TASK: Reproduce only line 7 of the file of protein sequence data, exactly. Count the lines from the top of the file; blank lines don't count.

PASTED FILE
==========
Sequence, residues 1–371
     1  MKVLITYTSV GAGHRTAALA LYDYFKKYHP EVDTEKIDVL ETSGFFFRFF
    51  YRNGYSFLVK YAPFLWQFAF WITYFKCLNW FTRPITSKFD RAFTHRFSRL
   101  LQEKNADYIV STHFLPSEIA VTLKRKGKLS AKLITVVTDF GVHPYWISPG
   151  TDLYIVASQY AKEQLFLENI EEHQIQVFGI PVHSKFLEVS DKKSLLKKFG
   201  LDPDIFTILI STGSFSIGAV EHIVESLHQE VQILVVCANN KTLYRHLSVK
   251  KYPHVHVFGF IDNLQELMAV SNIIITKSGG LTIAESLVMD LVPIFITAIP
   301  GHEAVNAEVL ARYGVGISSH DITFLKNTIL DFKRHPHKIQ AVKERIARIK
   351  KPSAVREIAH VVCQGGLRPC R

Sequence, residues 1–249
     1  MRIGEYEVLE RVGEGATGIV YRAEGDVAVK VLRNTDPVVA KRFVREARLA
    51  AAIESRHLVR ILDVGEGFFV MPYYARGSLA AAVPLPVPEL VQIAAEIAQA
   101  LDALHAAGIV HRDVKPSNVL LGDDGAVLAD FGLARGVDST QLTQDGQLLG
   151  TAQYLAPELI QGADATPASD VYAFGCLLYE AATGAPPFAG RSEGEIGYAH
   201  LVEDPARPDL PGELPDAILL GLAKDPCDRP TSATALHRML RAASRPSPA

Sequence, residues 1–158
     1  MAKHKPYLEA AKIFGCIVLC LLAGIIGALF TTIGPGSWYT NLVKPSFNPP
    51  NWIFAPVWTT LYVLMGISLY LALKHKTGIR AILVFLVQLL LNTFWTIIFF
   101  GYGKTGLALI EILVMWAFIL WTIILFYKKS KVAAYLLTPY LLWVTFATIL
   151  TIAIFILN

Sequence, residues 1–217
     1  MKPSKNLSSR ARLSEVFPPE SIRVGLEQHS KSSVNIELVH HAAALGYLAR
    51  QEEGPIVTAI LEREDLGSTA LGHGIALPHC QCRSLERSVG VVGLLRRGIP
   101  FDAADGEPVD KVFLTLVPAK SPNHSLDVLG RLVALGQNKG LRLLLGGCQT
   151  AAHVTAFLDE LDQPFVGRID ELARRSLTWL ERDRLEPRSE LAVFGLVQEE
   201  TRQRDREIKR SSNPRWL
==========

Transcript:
   251  KYPHVHVFGF IDNLQELMAV SNIIITKSGG LTIAESLVMD LVPIFITAIP